“Step” therapy

How it may impact your patients and your practice

It is now fairly common for an insurance plan to have significantly different coverages for different but similar medications, such as intravitreal injections. It’s hard for us to know what the exact benefit is in advance — while one patient can have a low (or no) co-pay another patient has a high co-pay for the same medicine.

Adding to this administrative challenge are insurance company efforts to control costs. One such method of control is to implement what is now referred to as “step” therapy in which the plan would require providers to first use the less-costly alternative. Step therapy is also sometimes referred to as “fail-first” therapy, because you have to prove failure with one drug before moving to another

Step therapy, documentation, and communication

Medicare has released guidance that will allow Medicare Advantage (Part C Medicare) plans to implement “step” therapy starting in 2020; some commercial plans have already begun to do this. Will a step therapy approach mean that everyone has to use the lowest cost drug? Of course not. In some situations, “fail-first” notion just does not make good clinical sense because it won’t be good care — and in that situation you may be communicating with the insurance company to get the patient what they need.

Your chart documentation is the key to winning the insurance’s support to approve that more expensive drug. Listen to your provider, and chart the reasons why the other drug can’t be used.

Three of the most common reasons to not start or keep using this insurance-mandated drug are:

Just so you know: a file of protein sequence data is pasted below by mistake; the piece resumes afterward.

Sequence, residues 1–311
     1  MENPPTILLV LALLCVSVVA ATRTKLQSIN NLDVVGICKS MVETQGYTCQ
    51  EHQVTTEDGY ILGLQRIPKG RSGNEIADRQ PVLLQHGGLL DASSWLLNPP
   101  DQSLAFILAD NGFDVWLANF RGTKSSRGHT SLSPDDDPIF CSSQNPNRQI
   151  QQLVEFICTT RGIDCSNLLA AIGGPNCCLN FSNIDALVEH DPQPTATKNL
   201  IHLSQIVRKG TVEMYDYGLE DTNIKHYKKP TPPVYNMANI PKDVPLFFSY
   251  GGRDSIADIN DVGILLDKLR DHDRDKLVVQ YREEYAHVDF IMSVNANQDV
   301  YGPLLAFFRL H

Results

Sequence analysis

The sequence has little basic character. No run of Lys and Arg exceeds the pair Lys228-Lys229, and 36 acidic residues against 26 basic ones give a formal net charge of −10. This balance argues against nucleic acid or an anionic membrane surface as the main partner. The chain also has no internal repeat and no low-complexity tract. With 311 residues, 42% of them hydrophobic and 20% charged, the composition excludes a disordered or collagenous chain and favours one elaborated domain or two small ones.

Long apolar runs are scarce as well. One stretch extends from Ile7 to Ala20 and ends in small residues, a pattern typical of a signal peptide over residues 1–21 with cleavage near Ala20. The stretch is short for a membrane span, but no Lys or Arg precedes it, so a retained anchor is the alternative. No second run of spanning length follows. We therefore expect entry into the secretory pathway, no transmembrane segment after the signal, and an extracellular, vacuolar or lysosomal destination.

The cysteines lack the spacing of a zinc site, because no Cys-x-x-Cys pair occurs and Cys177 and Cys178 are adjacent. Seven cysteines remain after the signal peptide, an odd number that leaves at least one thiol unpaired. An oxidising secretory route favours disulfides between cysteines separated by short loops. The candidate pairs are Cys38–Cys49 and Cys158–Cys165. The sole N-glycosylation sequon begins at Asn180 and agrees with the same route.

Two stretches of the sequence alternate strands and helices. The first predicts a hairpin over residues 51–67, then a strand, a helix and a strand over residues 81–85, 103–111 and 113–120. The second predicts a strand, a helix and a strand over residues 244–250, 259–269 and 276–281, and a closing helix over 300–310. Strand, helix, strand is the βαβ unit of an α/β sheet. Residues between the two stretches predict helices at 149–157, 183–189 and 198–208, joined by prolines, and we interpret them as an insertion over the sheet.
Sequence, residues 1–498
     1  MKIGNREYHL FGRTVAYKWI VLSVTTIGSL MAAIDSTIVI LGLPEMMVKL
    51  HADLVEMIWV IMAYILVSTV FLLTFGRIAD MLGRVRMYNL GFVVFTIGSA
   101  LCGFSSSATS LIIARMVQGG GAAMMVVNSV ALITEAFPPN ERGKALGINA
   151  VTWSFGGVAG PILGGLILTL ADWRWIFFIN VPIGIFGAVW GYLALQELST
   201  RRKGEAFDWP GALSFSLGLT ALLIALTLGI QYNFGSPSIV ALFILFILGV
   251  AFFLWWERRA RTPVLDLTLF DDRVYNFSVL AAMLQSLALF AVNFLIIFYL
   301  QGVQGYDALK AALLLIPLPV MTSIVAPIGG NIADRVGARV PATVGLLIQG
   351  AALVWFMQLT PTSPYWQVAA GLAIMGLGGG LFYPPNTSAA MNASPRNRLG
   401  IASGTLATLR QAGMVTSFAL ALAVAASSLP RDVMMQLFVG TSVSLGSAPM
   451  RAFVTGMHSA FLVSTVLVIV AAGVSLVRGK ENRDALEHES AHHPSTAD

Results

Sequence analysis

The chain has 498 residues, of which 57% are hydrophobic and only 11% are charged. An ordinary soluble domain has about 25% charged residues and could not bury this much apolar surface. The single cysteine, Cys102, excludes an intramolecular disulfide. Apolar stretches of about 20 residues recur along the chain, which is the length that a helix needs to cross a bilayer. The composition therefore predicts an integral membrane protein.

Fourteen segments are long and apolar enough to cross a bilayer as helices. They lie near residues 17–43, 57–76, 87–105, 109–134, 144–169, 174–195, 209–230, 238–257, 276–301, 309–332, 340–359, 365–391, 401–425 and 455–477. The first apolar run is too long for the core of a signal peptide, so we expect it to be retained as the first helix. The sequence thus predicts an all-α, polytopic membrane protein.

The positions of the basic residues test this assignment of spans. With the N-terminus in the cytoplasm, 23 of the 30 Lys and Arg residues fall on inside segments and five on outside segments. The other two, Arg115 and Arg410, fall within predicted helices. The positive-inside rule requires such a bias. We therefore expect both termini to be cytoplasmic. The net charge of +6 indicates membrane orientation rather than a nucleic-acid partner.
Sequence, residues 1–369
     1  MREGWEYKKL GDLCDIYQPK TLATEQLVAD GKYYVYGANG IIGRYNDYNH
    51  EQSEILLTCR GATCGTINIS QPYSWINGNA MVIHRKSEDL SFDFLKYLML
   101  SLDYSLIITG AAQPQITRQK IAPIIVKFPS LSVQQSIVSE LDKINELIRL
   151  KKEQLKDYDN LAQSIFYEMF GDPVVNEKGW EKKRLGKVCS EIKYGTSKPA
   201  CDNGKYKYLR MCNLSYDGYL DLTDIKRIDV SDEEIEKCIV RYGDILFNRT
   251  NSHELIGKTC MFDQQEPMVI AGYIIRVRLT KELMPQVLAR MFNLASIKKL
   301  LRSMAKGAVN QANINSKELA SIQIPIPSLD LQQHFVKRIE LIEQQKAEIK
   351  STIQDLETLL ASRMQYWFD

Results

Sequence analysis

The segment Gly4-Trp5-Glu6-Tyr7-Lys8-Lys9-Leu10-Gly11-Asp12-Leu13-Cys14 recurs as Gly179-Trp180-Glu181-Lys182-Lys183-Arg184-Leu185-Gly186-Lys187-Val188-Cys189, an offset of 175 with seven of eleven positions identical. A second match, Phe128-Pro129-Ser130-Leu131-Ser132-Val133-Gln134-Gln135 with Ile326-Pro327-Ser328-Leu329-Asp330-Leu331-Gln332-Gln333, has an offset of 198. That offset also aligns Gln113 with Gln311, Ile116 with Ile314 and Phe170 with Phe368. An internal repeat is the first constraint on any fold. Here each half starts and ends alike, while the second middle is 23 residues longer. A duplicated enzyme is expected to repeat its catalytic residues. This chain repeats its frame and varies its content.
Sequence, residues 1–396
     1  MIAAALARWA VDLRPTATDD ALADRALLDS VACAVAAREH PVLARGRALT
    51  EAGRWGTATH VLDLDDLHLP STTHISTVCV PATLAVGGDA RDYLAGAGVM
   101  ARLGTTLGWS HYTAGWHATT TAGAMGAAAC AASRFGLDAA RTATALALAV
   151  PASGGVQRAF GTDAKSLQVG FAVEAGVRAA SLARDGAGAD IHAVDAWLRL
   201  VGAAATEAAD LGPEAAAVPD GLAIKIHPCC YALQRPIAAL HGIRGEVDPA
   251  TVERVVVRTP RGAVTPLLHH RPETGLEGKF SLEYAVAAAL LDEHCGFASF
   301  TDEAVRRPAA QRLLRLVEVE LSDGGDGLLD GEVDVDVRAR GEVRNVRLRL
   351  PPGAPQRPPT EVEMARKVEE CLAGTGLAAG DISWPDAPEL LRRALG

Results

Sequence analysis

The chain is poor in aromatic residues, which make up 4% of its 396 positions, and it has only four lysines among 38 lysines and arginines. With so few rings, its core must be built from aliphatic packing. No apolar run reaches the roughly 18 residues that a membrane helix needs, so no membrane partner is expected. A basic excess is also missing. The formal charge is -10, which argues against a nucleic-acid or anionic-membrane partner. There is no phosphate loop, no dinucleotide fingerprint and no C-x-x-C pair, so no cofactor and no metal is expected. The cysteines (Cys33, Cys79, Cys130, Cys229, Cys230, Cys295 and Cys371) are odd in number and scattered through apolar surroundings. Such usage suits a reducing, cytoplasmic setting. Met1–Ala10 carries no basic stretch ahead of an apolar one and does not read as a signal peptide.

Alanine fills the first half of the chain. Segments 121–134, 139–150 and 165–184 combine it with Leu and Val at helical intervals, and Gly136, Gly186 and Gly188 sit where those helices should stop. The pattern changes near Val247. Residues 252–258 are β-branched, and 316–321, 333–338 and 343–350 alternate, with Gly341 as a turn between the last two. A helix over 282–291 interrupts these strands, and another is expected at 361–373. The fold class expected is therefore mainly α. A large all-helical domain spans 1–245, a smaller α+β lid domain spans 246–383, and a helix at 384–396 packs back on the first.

• The patient has already tried the other alternative and is on the expensive drug now — but was on another insurance plan in the past. (This insurance has no idea that is the case.) It should be a simple matter to get the current plan on board if the chart has the proper information.
  • The patient is allergic to one or more of the components in the “fail-first” drug the plan wants you to use (using that drug would cause the patient harm). Again, having the information in the chart is key to winning the insurance’s support for the change to the pricier option as the first choice by the doctor.
  • Even though the doctor tries the “fail-first” drug, the patient does not respond like anticipated and other options need to be tried.


Know that if a certain drug plan requires more information before approving an intravitreal drug or eye drop, we can help gather it and submit it to the insurance with our doctors’ blessing. Realize that insurance plans might have “step” or “fail-first” protocols in place before more expensive options can be considered. Ultimately, you must be an advocate for your patients and providers!

As always, “good coding to you.” OP